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The Daily Wildcat

The Daily Wildcat


Algae- the NEW ethanol

A nationwide alliance, including several UA faculty, was recently awarded nearly $44 million by the U.S. Department of Energy to continue research on algae as a sustainable fuel source.

“”The project is essentially to produce a commercially viable biodiesel,”” said Michael Cusanovich, a UA biochemistry professor and member of the National Alliance for Advanced Biofuels and Bioproducts.

Algae could be the next alternative fuel for cars.

“”The NAABB effort will determine the role algae will have in the big picture of alternative energy,”” said Kimberly Ogden, a UA chemical and environmental engineering professor and member of the alliance.

The U.S. Department of Energy expects quick results with its grant.

“”They would like something in the order of 2 billion gallons a year of biodiesel by the year 2020,”” Cusanovich said.

Two billion gallons is about 20 percent of the amount the United States uses for transportation fuel.

“”Ultimately, you’d like to get up to something like 80 percent,”” he added.

The algae with which Ogden and Cusanovich are working contains lipids similar to those found in oil. If they can find a way to mass-produce these plants, they can work on burning algae for fuel.

The UA plays a small but important role in the process. Its arid raceway is a temperature-controlled pond specifically designed for growing algae, and is the university’s connection with the research.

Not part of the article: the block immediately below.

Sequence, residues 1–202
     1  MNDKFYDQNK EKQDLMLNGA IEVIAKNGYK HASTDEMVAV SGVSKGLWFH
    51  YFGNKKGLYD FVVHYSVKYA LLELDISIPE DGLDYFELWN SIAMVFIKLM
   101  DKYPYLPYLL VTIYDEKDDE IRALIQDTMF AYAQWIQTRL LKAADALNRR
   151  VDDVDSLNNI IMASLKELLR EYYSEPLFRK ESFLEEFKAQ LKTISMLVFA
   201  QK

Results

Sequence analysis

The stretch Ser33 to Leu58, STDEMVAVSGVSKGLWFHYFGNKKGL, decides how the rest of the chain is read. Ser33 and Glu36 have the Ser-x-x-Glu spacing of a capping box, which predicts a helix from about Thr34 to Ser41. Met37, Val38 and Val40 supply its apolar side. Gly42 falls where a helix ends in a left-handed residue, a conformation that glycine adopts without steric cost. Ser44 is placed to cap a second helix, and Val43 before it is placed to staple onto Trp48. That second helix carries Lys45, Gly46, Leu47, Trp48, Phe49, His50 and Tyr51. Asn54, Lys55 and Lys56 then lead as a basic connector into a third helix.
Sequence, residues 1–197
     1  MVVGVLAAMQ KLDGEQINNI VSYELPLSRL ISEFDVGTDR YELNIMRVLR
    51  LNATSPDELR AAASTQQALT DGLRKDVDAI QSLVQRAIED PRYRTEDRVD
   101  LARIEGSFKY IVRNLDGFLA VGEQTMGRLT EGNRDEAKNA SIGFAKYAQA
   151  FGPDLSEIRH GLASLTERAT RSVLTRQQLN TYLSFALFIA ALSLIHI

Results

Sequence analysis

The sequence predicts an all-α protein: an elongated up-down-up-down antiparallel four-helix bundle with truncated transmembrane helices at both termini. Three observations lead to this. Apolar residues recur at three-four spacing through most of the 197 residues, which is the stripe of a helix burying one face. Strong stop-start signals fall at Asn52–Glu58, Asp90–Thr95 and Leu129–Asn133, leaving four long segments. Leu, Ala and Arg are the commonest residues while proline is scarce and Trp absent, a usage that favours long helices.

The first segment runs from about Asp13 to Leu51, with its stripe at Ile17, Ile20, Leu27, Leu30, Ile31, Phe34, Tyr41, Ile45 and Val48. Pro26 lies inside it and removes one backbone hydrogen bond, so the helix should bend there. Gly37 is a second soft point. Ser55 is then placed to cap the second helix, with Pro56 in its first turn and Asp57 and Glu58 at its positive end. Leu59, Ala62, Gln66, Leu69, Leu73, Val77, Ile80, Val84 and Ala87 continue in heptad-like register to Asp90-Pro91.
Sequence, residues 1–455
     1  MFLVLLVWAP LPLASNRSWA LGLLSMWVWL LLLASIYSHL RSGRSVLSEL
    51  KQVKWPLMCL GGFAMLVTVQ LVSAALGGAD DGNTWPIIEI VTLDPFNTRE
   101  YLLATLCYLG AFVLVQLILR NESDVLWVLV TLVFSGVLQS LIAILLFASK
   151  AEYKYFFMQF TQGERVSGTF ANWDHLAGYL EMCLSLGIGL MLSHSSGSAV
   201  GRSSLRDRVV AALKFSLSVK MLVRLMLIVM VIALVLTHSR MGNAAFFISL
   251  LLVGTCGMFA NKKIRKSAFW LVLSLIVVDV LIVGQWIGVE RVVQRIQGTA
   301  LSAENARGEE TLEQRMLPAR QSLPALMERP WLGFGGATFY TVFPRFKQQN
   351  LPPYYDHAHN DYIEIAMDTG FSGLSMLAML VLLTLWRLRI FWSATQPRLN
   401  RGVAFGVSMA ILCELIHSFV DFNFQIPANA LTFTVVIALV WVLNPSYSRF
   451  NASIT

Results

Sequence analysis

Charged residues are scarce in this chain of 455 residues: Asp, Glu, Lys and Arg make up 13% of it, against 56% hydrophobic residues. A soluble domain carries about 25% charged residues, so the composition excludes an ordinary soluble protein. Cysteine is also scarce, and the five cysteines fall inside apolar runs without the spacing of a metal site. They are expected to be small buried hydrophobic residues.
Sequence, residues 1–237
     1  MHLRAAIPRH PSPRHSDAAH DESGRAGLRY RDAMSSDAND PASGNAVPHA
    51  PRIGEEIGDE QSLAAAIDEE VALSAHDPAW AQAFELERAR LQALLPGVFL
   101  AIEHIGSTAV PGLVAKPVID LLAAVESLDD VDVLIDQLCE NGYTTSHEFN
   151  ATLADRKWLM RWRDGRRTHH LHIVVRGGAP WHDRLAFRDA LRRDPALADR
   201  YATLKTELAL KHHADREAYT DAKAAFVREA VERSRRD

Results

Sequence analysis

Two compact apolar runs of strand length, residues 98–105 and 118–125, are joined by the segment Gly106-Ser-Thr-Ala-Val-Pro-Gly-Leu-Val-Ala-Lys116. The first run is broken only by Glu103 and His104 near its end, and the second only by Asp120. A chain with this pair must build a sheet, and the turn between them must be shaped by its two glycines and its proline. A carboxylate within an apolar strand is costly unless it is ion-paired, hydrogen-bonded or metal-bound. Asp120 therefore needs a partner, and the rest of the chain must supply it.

“”In the summer, it’s 105 (degrees), and in the winter it’s 55 (degrees). There’s no algae that lives over a 50-degree range; they don’t do that. So, what we’ve done is designed a pond that is temperature controlled,”” Cusanovich said of the raceway. “”That’s really important because that means we can grow year round and we can use the same species year round.””

The upsides to alternative fuel are obvious in a world in which gasoline is becoming a less available and more expensive fuel.

“”We may end up having something that’s cheaper than gas, but it’s also more environmentally reasonable,”” Cusanovich said.

There are positives that aren’t so obvious, as well.

“”The conversion in this country to ethanol from corn has caused a huge worldwide crisis in terms of prices of corn, particularly in third-world countries,”” Cusanovich said. “”Another advantage of the algae approach is it doesn’t pull anything out of food production.””

A grant of this magnitude also affects UA students in a very positive way.

“”It generates research funding for faculty which, in the end, means students,”” Cusanovich said.

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